I’ve taught English as a foreign language for adults for years, from the age of 13 up until Covid put such gatherings on hold. I would often use some kind of exercise that allowed students to think outside of their normal lives, to stretch their vocabulary and to practice speaking and forming sentences outside of their comfort zone. I once had a nursing student, meeting as a semi-private student with another fellow nurse, who categorically refused to do any exercises requiring a make-believe scenario; she called herself a “realist”. Despite reasoning with her, or her friend asking her to participate so that she could learn more, she refused. I found it frustrating as a teacher, but I found it tragic as a writer and creative thinker.
Thinking outside of the box and thinking creatively stretches our brains in extraordinary ways; it promotes creative problem solving, allows us to put ourselves in someone else’s shoes for a moment, and can help us view a situation from several different angles. By thinking into fictitious scenarios, we learn something about ourselves along the way – those things that make us tick, our strengths, or our weaknesses.
For years, I’ve collected interesting writing prompts whenever I’ve come across them; it’s going down the proverbial rabbit hole to follow leads on the internet, but because I’ve collected them willy-nilly, I can’t tell you exactly where they originated – it’s a common problem with online research, and as often as I can, I try to give proper credit to images that I use if they’re not my own; the people out there who offer their creative perspectives, photography talents, or Photoshop skills deserve credit where credit’s due. But it’s one reason that I don’t often share such prompts here, for those of you following who are also writers. Another reason is that there are enough sites out there stuffed to the gills with prompts. What I would like to do today is share an exercise in imagination.
Albert Einstein quotes run rampant on the internet; without a reference book to know what he actually said, I feel that many of them fall into this category:
Having said that, sometimes you can gather the essence of what he probably said by reading “diagonally” through the supposed quotes, and one such sentiment is that Einstein said something like, “Imagination is more important that knowledge; knowledge is limited to all we know and understand, while imagination embraces the entire world.” Mark Twain once wrote*, “You can’t depend on your eyes when your imagination is out of focus.” [* Excerpt from his Complete Works] (By the by, if you’d like more Mark Twain wit, I wrote an article about his views on Switzerland, and the German language – just click here.)
So here’s something to exercise your imagination with:
I’d love to hear your answers in the comments below!
13 responses to “Imagination is a Superpower”
Imagination is the font of all knowledge.
That could be a dangerous sentiment in the hands of those who choose to remain ignorant out of principle… 😉
I jumped to the conclusion that my choice was to escape a bad situation by fleeing or by becoming invisible. I chose to be invisible, because I haven’t run in 40 years. I wanted to stay in the situation to see what happened. Thinking further, being invisible would still have been dangerous, because others would hear me bumbling about when they couldn’t see me. That’s when I reread your question.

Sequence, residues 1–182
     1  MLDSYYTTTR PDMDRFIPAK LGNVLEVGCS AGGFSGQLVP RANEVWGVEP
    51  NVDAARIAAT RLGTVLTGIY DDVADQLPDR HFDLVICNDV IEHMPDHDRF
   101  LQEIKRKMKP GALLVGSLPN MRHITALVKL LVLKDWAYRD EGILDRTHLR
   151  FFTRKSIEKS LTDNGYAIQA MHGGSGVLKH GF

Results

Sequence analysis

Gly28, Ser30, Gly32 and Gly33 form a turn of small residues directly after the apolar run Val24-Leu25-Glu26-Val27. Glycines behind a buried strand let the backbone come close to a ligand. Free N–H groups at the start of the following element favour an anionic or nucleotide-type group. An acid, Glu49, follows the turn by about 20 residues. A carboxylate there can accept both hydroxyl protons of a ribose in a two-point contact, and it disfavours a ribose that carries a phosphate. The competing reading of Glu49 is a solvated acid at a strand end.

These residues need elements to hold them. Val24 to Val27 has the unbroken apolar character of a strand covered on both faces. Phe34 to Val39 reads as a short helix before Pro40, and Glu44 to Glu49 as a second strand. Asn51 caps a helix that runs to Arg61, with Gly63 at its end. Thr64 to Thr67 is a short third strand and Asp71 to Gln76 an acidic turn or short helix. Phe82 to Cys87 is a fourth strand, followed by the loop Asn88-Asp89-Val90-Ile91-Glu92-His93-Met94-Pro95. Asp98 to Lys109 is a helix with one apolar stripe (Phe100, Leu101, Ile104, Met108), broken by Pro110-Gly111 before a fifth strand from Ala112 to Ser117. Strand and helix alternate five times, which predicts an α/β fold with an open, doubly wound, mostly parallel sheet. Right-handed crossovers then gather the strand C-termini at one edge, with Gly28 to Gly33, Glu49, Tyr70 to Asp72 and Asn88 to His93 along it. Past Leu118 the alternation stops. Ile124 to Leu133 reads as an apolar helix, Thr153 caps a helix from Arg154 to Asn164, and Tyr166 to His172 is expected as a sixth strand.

I have always wanted to fly on my own. Watching the gulls swoop about on former morning walks filled me with a great longing to soar. If I could fly, I would use it for pure pleasure to get a bird’s eye view of our mountains. I wouldn’t have the stamina to fly to NJ or to Denmark to see my daughters. Oh, and I wouldn’t poop on the mountains or the people below. My head was the target of a starling in the city of Ely in England 40 years ago.
I would not want to be invisible, because I’d find out what people say about me behind my back. I’m better off without that knowledge.
Would you choose to fly or be invisible?
Flying sounds like it would be windy and cold, but then invisibility may involve nakedness, since I suspect the power would not extend to my clothing. Also cold. Oh no. Maybe I’m a realist, too.
Anne, I would certainly choose to fly – I love the night, so I could fly without being seen – the best of both, I guess. 😉 I’d build my stamina to fly longer and longer distances – no border controls, no customs, no waiting in airports!
Sarah, what if you could make everything you touch invisible with you – that only you could see in that between-world?
Now I’m picturing an unfortunate King Midas scenario, which would make for an interesting twist on the story. Maybe I better stick to flight. I’ll wear a coat.
In that case, you might want to be invisible as you fly. Defensive radar could have you in the cross-hairs with every border you cross. Never mind, let’s just fly and enjoy ourselves!
I’d fly under the radar. 😉 Besides, they’d probably just assume any person flying was just a large hobby drone – military drones are much smaller! Haha!
I’d opt for flying as a way to go places and see things from a different angle while getting some aerobic exercise.
Invisibility would be handy for pranking or to avoid being shot at by fascist gun nuts, but I am not into pranking and am already not visible enough to incur the nuts’ wrath.
I don’t know any “fascist gun nuts” to test invisibility…
Sad to say, the USA has a growing supply of them.